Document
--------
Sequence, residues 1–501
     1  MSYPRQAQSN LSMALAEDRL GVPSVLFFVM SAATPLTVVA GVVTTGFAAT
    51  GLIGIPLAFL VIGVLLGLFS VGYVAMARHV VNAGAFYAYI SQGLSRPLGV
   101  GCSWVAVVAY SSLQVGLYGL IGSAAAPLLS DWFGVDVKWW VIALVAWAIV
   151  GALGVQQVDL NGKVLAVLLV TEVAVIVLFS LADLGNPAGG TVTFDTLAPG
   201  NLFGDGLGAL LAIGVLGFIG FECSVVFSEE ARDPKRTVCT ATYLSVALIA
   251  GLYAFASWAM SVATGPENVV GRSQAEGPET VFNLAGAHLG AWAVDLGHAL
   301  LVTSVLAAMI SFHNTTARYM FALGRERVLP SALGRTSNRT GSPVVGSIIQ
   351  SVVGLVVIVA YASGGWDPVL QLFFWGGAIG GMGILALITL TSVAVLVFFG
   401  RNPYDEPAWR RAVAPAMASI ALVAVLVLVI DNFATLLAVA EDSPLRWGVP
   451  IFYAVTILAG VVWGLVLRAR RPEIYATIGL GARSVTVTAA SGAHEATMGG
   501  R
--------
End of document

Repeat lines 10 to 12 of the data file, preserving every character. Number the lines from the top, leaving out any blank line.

   401  RNPYDEPAWR RAVAPAMASI ALVAVLVLVI DNFATLLAVA EDSPLRWGVP
   451  IFYAVTILAG VVWGLVLRAR RPEIYATIGL GARSVTVTAA SGAHEATMGG
   501  R